The RMF will support innovative investment in new infrastructure to sort, process and remanufacture materials such as mixed plastic, paper, tyres and glass, with Commonwealth funding contingent on co-funding from industry, states and territories.

Australia’s waste and recycling transformation is being further strengthened by an additional:

  • $35 million to implement Commonwealth commitments under Australia’s National Waste Policy Action Plan, which sets the direction for waste management and recycling in Australia until 2030.
  • $24.6 million on Commonwealth commitments to improve our national waste data so it can measure recycling outcomes and track progress against our national waste targets.
  • The introduction of new Commonwealth waste legislation to formally enact the Government’s waste export ban and encourage companies to take greater responsibility for the waste they generate, from product design through to recycling, remanufacture or disposal (Product Stewardship).

The moves are part of a national strategy to change the way Australia looks at waste, grow the economy, protect the environment and reach a national resource recovery target of 80% by 2030.

“As we cease shipping our waste overseas, the waste and recycling transformation will reshape our domestic waste industry, driving job creation and putting valuable materials back into the economy,” Minister for the Environment Sussan Ley said in a recent news release.

Susan Ley, Australian Minister of the Environment

“Australians need to have faith that the items they place in their kerbside recycling bins will be re-used in roads, carpet, building materials and a range of other essential items.

“At the same time, we need to stop throwing away tonnes of electronic waste and batteries each year and develop new ways to recycle valuable resources.

“As we pursue National Waste Policy Action Plan targets, we need manufacturers and industry to take a genuine stewardship role that helps create a sustainable circular economy.

“This is a once in a generation opportunity to remodel waste management, reduce pressure on our environment and create economic opportunity.”

Assistant Minister for Waste Reduction and Environmental Management, Trevor Evans, said that the unparalleled expansion of Australia’s recycling capacity followed close consultation with industry.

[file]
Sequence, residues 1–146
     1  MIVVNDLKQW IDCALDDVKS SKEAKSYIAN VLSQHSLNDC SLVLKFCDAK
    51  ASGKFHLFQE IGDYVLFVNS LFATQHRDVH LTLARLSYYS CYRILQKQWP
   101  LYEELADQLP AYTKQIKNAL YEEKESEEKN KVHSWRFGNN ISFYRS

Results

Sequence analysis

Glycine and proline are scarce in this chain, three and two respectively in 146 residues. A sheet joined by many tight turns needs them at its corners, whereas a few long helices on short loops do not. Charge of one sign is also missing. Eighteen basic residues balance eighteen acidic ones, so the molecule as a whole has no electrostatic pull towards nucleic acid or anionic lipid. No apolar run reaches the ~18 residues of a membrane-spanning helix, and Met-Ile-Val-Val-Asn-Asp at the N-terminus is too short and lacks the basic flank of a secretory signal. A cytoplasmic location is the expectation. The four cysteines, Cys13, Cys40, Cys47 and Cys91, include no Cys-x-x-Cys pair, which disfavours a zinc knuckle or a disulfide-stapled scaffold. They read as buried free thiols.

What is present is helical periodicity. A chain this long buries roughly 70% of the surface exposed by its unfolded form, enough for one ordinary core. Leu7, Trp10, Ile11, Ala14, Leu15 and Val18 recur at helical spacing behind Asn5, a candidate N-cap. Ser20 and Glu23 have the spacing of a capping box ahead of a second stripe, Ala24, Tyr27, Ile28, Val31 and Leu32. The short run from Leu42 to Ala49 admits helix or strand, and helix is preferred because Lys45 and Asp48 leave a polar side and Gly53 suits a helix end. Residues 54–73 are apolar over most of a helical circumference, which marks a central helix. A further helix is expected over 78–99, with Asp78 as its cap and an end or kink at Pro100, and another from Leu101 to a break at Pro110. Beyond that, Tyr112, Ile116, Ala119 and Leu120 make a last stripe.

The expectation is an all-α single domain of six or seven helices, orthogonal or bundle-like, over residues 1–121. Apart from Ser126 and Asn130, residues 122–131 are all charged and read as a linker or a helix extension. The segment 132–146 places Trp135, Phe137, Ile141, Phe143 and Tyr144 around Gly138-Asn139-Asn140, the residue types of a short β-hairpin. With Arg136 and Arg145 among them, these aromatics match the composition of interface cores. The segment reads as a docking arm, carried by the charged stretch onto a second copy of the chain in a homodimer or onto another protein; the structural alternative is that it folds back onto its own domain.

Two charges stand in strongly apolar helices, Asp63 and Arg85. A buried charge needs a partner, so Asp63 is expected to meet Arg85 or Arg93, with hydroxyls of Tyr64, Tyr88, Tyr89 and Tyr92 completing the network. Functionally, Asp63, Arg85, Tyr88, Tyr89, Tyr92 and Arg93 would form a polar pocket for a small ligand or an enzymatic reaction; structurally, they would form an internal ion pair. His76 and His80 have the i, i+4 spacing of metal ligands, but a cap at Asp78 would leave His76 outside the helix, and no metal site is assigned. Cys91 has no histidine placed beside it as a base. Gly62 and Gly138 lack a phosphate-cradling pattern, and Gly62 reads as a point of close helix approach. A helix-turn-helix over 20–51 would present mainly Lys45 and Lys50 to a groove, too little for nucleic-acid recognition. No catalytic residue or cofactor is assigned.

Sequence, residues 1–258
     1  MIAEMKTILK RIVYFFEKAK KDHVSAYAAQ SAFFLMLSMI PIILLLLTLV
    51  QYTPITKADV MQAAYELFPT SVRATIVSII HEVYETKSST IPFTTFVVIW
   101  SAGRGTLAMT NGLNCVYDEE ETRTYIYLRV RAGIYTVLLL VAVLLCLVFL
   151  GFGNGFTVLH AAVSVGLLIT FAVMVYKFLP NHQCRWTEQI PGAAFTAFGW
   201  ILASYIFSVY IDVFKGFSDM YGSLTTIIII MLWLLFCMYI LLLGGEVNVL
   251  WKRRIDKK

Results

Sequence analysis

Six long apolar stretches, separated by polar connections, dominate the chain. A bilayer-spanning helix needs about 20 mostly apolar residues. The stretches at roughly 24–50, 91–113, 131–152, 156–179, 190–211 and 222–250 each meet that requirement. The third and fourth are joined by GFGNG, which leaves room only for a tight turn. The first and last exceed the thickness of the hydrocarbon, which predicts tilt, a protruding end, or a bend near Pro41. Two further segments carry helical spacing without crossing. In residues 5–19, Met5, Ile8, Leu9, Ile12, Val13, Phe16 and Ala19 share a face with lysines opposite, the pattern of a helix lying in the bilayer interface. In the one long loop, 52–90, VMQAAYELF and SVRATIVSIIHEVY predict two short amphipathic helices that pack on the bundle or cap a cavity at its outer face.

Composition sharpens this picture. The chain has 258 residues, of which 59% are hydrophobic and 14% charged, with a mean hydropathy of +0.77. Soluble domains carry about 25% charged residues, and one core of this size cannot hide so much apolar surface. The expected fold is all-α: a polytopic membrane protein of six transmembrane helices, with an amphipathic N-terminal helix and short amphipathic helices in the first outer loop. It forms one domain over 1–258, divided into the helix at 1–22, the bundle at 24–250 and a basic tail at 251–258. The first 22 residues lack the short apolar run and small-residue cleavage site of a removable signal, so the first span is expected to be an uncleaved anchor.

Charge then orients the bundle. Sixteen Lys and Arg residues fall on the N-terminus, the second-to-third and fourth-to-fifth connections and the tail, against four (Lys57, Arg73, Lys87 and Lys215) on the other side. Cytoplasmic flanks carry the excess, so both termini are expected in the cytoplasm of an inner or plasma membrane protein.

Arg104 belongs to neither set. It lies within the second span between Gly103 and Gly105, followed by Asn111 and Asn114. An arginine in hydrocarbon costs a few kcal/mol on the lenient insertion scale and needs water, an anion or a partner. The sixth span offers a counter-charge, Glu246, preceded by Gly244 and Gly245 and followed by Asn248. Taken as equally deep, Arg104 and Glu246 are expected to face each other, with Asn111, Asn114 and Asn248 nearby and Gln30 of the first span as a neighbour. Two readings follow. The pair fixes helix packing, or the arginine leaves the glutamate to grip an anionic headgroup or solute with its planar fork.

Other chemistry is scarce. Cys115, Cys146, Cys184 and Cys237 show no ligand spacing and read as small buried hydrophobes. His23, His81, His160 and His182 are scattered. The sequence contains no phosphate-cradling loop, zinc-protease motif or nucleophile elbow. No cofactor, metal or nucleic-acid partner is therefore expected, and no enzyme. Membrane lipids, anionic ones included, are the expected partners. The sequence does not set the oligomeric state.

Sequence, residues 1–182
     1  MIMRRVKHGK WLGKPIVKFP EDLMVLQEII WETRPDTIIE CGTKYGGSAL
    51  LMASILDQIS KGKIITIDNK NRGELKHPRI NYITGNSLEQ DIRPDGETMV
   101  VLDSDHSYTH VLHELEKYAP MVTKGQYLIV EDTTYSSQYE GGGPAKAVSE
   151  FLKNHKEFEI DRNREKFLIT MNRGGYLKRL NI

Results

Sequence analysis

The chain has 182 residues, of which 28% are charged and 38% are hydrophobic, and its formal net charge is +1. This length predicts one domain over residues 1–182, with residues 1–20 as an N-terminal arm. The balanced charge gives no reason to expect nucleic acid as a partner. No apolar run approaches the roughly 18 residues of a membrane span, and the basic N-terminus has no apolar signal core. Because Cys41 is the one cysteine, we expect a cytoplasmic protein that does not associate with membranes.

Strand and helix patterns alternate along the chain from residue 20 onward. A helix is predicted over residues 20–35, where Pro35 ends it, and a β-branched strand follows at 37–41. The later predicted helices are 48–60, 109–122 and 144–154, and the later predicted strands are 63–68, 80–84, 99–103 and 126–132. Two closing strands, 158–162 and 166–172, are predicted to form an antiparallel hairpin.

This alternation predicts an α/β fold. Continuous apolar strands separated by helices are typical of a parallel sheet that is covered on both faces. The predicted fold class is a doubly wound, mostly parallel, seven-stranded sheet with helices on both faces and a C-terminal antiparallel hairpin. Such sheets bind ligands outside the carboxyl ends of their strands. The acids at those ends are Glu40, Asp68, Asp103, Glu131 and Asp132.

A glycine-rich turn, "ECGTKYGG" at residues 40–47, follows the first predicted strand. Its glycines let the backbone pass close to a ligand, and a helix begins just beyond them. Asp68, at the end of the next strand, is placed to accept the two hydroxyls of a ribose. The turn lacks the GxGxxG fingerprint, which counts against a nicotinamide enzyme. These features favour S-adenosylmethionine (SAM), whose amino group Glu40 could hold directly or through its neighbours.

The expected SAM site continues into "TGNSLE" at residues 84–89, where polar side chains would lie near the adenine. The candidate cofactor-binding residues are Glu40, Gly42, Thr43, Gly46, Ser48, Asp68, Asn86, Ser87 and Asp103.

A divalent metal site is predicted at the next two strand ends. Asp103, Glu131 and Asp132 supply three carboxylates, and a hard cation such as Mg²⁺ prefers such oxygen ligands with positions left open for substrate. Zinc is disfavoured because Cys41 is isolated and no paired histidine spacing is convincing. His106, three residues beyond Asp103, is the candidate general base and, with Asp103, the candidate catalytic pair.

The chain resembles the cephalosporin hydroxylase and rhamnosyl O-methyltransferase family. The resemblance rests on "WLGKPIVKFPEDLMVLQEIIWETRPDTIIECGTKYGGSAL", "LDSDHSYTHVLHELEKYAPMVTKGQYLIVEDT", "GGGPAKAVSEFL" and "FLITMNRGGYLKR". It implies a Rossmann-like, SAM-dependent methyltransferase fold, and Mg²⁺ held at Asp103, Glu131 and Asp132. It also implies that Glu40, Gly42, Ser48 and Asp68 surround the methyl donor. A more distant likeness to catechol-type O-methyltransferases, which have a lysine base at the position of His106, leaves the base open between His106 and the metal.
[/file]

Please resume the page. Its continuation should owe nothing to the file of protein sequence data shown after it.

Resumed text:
“Our targeted investment will grow Australia’s circular economy, create more jobs and build a stronger onshore recycling industry,” Assistant Minister Evans said.

“Australian companies are turning plastics and household waste into furniture, decking, fencing and clothing, and we are developing new domestic markets for recycled materials by setting national standards for recycled content in roads and making recycled products a focus of procurement for infrastructure, defence estate management and general government purchasing.

“Our targeted investment will grow Australia’s circular economy, create more jobs and build a stronger onshore recycling industry.

“Companies are already moving with The Pact Group announcing a $500 million investment in facilities, research and technology, Coca-Cola Amatil committing to new recycling targets, and Pact, Cleanaway and Asahi Beverages establishing a $30 million recycling facility in Albury.”

Waste export ban to start from January 2021

The unparalleled expansion of Australia’s recycling capacity follows the 2019 National Waste Policy Action Plan, Australia’s government ban on exports of waste plastic, paper, glass and tyres, and this year’s first ever National Plastics Summit.

The waste export ban was due to commence on July 1st, 2020. After consulting with industry and as a result of restrictions related to COVID-19 impacting Parliament’s ability to pass legislation in by July 1st, the ban will now commence on January 1st, 2021. The schedule for implementing the export ban on waste plastic, paper and tyres remains unchanged.

 

 

Start-up receives $2.75M from SDTC to commercialize the manufacture of bioplastics from agricultural byproducts

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Sustainable Canada Technology Canada (SDTC) recently announced that it had granted $2.75 million to EcoPackers, a Canadian cleantech company that converts agricultural byproducts into 100 percent plant-based and compostable alternatives to traditional plastic inputs.

EcoPackers Leadership Team

Conceived by CEO Nuha Siddiqui during her time as president of the University of Toronto chapter of the social entrepreneurship club Enactus, Ecopackers is on a mission to reduce the world’s reliance on single-use plastics.